The house system is a traditional feature of schools in the English-speaking world, particularly in Commonwealth countries, originating in England. The school is divided into subunits called 'houses' and each student is allocated to one house at the moment of enrollment. Houses may compete with one another at sports and maybe in other ways, thus providing a focus for group loyalty.
Historically, the house system was associated with established public schools in England, especially full boarding schools, where a 'house' referred to a boarding house at the school. In modern times, in both day and boarding schools, the word 'house' may refer only to a grouping of pupils, rather than to a particular building.
Houses may be named after saints, famous historical alumni or notable regional topics (e.g. in international schools, houses are sometimes named in honour of local celebrities). Other more arbitrary names—animal names or colours, for example—are also often used. Houses are also often referred to by the original name of the building or by the name or initials of the teacher in charge of the house (housemistress or housemaster). Each house will usually also be identified by its own symbol, logo, or colours.
At co-educational boarding schools, there may be separate houses for boys and girls. Students may also be grouped by year groups or status as boarders or day students. Where the school has boarders and day pupils, they will often be allocated to separate houses. Especially at a boarding school, one of the main purposes of the house system is to provide pastoral care to the students. With parents absent, children are likely to depend on the school to look after their basic physical, social and emotional needs.
A secondary feature of house systems is the competition between houses. For example, the traditional school sports day is usually an inter-house competition. Debating competitions and charity drives are also often organised along inter-house lines. Merit points for behaviour and academic achievement may also be totalled up for comparison between houses.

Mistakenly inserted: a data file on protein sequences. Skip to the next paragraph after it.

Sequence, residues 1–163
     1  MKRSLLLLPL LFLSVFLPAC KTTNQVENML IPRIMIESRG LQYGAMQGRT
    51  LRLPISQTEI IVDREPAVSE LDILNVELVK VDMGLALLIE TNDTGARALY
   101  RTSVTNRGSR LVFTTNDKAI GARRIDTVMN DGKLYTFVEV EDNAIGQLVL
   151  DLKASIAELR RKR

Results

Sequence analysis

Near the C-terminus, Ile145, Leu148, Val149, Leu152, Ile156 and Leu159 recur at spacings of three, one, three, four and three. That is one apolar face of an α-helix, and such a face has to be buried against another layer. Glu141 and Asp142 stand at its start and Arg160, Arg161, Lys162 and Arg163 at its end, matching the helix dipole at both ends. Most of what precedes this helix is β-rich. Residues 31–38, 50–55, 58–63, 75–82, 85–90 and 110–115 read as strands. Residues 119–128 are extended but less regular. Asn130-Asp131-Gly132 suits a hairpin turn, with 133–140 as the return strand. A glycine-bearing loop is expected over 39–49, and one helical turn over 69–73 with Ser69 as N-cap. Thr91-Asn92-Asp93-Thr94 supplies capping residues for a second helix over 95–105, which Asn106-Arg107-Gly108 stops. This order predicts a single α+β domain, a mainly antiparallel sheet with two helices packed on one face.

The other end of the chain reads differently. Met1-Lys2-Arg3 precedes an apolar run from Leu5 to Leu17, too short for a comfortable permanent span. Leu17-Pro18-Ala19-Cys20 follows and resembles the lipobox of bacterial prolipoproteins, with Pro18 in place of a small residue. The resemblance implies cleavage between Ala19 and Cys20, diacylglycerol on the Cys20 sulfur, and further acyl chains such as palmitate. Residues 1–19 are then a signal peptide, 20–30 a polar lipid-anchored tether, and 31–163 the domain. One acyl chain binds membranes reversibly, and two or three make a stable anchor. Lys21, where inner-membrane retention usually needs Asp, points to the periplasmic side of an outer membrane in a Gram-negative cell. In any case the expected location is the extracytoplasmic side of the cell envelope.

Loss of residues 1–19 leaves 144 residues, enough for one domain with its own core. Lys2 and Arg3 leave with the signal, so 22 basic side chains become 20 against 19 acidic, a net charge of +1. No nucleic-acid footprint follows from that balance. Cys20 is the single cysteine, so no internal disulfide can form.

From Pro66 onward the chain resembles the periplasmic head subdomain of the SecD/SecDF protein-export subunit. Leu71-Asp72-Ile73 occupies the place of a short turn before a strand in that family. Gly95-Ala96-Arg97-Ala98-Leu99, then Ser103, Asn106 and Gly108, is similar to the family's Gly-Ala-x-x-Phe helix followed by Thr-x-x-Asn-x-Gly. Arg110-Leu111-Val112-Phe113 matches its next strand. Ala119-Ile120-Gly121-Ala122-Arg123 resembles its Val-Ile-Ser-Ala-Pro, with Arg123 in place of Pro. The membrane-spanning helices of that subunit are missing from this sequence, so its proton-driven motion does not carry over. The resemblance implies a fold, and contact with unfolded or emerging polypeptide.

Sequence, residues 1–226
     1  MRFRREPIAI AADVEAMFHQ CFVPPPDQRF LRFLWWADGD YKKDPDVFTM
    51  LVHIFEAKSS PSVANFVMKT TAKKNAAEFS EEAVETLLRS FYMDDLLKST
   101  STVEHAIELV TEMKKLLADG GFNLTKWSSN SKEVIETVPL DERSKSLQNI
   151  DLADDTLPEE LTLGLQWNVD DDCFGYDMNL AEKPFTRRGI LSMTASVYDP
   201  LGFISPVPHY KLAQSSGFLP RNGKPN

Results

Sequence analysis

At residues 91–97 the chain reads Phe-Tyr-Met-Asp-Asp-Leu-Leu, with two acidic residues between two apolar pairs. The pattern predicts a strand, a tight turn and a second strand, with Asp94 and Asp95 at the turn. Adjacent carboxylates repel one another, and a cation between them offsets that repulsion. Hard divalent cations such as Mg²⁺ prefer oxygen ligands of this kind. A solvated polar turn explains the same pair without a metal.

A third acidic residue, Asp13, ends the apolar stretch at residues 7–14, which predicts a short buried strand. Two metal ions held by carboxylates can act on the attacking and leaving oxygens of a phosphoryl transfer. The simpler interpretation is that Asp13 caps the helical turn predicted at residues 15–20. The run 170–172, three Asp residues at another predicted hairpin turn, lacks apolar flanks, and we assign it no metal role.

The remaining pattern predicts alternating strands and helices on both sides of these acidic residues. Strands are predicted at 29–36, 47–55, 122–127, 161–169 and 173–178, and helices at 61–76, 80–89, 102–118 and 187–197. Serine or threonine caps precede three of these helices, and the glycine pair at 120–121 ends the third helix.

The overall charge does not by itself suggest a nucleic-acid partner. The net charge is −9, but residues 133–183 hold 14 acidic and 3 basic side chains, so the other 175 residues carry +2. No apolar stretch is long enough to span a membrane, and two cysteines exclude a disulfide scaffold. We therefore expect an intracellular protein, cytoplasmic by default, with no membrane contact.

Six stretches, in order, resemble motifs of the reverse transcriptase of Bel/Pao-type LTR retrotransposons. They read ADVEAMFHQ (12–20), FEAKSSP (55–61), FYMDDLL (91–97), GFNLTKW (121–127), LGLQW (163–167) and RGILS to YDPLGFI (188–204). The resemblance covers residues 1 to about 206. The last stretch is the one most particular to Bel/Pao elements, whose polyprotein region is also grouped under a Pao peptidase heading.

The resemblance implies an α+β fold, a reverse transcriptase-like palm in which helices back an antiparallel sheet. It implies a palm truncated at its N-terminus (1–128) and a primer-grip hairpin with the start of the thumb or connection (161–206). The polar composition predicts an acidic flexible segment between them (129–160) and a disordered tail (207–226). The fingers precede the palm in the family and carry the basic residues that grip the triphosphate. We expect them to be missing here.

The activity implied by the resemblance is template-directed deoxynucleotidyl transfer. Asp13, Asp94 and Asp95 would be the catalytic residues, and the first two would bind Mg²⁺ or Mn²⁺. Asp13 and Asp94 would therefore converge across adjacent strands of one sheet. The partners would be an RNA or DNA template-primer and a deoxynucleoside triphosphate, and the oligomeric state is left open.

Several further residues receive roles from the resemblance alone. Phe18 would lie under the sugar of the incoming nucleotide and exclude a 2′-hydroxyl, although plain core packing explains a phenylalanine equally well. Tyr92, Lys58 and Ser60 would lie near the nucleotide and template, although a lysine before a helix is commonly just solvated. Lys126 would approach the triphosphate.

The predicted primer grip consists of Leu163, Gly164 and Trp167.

Some schools have a year-long programme of inter-house events, in which each house 'hosts' an event at which all houses compete, with points contributing to the award of the House Cup at the end of the year.
Pupils are usually assigned to houses randomly, perhaps with the aim of balancing the houses in order to increase competition. Sometimes the assignment is based on the social and emotional needs of the student and to ensure proper peer mentoring is enhanced with the right fit of students within a house.
One notable feature of the house system is the appointment of house captains, and maybe other house prefects, who exercise limited authority within the house and assist in the organisation of the house. Large schools may have a house captain for each year group (with vice-captains in the largest schools).
In boarding schools, the term housemaster or housemistress is the title held by the member of staff responsible for pupils living in a particular house (or dormitory). In state schools, members of staff are appointed as (or volunteer to become) head of house. However, both terms can be used at either style of school for the sake of formality. In some cases, houses may have their own staff members other than housemaster or housemistress.
There are four houses in SIS:
LITTLE BLAZE (RED HOUSE) | GREEN PECKERS (GREEN HOUSE) | GOLDEN LIONS (YELLOW HOUSE) | DEEP WATERS (BLUE HOUSE)